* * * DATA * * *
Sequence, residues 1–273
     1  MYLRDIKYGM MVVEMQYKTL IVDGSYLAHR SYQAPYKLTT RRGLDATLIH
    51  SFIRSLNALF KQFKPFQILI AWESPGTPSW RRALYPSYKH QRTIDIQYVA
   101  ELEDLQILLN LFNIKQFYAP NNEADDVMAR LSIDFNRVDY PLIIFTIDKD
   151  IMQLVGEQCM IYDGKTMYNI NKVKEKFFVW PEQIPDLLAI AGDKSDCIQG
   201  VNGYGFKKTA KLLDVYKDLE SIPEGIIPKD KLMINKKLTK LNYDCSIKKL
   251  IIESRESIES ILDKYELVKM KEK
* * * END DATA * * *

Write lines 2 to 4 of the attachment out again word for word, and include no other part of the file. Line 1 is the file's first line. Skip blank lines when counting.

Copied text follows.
     1  MYLRDIKYGM MVVEMQYKTL IVDGSYLAHR SYQAPYKLTT RRGLDATLIH
    51  SFIRSLNALF KQFKPFQILI AWESPGTPSW RRALYPSYKH QRTIDIQYVA
   101  ELEDLQILLN LFNIKQFYAP NNEADDVMAR LSIDFNRVDY PLIIFTIDKD